Save Our Sequoias: Protect Yosemite’s Giant Sequoia Groves - 2016

Giant sequoias bear the scars of wildfire and curious visitors alike. Conservancy funding is helping park scientists learn how giant sequoias respond to fire and will protect them for the future.

Yosemite’s giant sequoias are an awe-inspiring symbol of the park’s wild beauty and history. While scientists have learned much about these majestic trees, little is known about the factors that affect young sequoia seedlings and saplings.

In 2016, as crews work on the restoration of Mariposa Grove, park scientists, assisted by a local college intern, will continue research in Yosemite’s other giant sequoia groves, Merced and Tuolumne. This year, surveys and studies will focus on identifying specific environmental conditions young sequoias need to survive, including above- and below-ground temperatures, light, humidity and soil composition. Results from this research will help the park make sure that sequoias continue to thrive in these natural havens for many generations. As scientists focus on juvenile trees, new fencing and signs will help protect mature sequoias from root trampling and other disturbances.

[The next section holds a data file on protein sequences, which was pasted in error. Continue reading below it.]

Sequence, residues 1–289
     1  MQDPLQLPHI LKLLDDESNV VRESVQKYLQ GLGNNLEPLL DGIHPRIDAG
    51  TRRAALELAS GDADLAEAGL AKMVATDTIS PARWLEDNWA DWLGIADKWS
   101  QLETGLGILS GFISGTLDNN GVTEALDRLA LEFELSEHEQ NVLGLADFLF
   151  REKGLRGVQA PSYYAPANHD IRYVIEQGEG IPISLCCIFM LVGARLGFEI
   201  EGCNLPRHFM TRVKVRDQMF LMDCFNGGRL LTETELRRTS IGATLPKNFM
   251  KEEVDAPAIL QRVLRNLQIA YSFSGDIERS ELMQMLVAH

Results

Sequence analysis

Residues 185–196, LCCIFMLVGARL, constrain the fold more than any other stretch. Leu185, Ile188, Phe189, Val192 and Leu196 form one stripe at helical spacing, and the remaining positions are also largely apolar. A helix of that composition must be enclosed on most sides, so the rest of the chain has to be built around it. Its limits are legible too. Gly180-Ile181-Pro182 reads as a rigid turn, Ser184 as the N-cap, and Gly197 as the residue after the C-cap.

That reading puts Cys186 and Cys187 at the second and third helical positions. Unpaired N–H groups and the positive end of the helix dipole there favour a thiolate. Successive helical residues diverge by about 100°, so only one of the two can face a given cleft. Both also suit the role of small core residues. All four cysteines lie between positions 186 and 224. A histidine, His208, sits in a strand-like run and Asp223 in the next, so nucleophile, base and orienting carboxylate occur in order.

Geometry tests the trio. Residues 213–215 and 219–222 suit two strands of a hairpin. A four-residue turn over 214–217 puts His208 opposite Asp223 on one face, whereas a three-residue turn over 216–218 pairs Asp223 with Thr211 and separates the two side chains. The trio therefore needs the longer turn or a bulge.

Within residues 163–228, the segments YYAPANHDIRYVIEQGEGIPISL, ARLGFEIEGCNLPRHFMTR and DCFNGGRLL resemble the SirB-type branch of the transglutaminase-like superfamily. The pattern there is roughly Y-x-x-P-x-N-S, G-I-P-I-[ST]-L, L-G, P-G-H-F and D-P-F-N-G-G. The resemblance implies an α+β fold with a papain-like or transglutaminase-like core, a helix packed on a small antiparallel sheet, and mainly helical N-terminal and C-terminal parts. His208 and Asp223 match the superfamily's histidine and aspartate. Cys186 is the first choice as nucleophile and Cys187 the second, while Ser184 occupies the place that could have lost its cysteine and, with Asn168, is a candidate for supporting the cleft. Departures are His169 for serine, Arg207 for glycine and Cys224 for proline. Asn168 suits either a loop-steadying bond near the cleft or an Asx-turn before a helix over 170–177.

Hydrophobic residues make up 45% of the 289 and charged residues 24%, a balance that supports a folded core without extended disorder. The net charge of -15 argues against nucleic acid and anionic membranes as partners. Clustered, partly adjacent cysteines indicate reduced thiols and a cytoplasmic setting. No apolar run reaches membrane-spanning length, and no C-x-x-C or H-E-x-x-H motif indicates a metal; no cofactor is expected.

By supporting research to protect Yosemite’s young giants, you will ensure future generations are inspired by towering sequoias.

Partnering with Yosemite National Park, Student Conservation Association, and University of California, Merced.

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Project Notes
Giant sequoia with scorched crown in Yosemite's Tuolumne Grove

In 2013, we were startled to discover that there are few young trees and no seedlings in either Merced or Tuolumne Grove, likely a result of insufficient fire. Serendipitously, as a consequence of actions taken during the Rim Fire, these two groves (the Merced Grove prevented from burning; the Tuolumne Grove back-burned as a protection measure) have become an inadvertent controlled study testing the recommendation for increased clearing and understory burning.

Alison Colwell
Botanist
Yosemite National Park